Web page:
This work, titled Yellow Abakan, by Magdalena Abakamowicz (Polish, 1930-2017) fuses weaving with sculptural installation. It’s coarsely woven sisal, 124”x120”x60”

I read that Abakanowicz deliberately tried to blur the distinctions between art and craft. She chose to explore the structural (sculptural) qualities of fiber.

 

 

 

 

Sheila Hicks, Prayer Rug

 

The work seen here is by Sheila Hicks (American, born 1934) and is titled Prayer Rug. It’s made with hand-spun wool (87”x43”). Hicks wrote she was inspired by Morocco and prayer rugs and architecture with arches. To create this work, she went off loom, working like a ceramicist works, with the material in her hands.

 

The next work (below) is by Anni Albers (American, born Germany, 1899-1994) and is titled Free-Hanging Room Divider, 1949. Anni Albers was a protean force in textile innovation and design. The work here is made with cotton, cellophane, and braided horsehair, 87”x32.5.” Albers was focused on creating translucent space, thinking about how the weaving functioned in an architectural setting as a space divider.

 

See Peter Schjeldal’s review: THE XX FACTOR Women and Abstract Art (the New Yorker magazine, April 24, 2017).

Anni Albers, Wall Hanging

 

Schjeldal writes: The show’s inclusion of fabric and decorative art marks an insurgent appreciation, taking hold in the sixties, of formerly patronized modes of “women’s work.” He references Magdalena Abakanowicz “Yellow Abakan” (1967-68). He says it “… invites a fighting comparison with some far more well-known minimalist works in felt, from the same time, by Robert Morris.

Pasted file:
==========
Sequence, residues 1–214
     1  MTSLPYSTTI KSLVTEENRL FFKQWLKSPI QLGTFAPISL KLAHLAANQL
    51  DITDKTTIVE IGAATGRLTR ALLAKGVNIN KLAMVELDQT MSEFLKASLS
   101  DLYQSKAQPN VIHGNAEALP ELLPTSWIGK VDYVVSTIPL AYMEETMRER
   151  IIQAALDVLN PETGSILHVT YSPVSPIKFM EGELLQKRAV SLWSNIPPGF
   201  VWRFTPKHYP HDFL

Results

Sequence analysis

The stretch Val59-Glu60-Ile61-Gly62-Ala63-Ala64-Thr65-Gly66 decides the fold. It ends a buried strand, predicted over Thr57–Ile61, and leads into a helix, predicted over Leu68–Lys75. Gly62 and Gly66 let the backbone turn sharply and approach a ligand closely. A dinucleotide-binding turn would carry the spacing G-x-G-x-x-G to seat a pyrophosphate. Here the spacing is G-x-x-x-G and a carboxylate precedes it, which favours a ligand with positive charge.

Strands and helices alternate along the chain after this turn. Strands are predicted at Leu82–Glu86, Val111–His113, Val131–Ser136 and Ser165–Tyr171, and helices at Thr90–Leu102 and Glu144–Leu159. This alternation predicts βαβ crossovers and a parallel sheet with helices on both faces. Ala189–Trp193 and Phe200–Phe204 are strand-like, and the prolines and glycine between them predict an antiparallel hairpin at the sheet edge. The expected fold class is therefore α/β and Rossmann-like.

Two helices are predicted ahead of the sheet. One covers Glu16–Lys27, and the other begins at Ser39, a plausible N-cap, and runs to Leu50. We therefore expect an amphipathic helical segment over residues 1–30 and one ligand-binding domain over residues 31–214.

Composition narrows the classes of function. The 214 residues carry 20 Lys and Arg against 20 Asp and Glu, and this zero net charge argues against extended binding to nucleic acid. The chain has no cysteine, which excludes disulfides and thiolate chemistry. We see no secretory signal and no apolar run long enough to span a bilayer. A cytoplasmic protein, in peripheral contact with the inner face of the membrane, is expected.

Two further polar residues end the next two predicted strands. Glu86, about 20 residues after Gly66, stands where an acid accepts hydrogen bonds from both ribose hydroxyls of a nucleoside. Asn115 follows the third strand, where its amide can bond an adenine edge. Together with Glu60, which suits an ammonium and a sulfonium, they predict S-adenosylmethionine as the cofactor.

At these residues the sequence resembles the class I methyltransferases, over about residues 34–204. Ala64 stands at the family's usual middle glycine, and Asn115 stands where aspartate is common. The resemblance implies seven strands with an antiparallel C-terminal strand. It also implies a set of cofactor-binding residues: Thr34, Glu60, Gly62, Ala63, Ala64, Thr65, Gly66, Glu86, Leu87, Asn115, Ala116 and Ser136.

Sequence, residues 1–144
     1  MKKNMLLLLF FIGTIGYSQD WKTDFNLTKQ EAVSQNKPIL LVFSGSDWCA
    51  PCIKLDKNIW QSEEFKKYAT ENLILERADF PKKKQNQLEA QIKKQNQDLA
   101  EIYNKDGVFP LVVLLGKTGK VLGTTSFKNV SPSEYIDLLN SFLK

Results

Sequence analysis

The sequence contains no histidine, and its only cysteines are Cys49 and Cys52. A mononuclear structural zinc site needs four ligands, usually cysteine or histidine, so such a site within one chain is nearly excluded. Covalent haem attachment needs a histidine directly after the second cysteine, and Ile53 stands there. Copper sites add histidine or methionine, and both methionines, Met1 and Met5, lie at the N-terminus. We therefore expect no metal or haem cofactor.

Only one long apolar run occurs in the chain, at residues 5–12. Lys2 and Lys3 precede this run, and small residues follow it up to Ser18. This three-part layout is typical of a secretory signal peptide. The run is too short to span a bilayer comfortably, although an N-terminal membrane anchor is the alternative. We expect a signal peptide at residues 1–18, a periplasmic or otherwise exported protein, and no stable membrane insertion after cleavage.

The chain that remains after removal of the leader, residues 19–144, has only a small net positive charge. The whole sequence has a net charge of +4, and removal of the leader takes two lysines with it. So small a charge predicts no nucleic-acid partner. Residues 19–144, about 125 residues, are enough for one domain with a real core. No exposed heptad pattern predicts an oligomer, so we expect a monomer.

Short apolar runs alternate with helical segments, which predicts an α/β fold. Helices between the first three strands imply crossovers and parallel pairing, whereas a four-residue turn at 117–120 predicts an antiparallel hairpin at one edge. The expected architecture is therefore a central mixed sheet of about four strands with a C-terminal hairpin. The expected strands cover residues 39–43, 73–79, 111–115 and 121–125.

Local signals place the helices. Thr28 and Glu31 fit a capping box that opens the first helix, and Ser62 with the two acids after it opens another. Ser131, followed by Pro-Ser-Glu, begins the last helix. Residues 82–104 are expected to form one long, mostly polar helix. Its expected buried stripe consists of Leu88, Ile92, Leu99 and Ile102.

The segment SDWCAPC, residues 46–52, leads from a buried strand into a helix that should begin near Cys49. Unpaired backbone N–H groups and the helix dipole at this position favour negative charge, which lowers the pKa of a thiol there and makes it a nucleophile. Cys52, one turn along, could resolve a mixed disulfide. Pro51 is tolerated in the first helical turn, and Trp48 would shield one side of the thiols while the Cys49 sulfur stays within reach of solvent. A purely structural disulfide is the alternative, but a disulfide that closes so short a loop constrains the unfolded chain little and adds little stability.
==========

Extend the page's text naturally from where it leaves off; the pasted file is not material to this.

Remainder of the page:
This wall hanging by Anni Albers as tall as a tall adult and was installed so you walked by and saw it up close. It is transparent. You can see the floor behind the weaving in this image. I love the vertical stripes and the cellophane in the weaving.

 

 

 

Here is an image of me standing in front of a framed black and white weaving by Anni Albers. The work is exquisite in design and detail. I was visiting the exhibition at MoMA for the 2nd time and invited. Peggi Pugh to join me so we could compare notes on what works we liked best. She took the photo. In this gallery, every work  was a weaving or an image (a drawing or print) that looked like a weaving. We walked around the gallery slowly to be able to absorb all the different works.

 

woodcut by Lygia Pape
drawing by Yayoi Kusama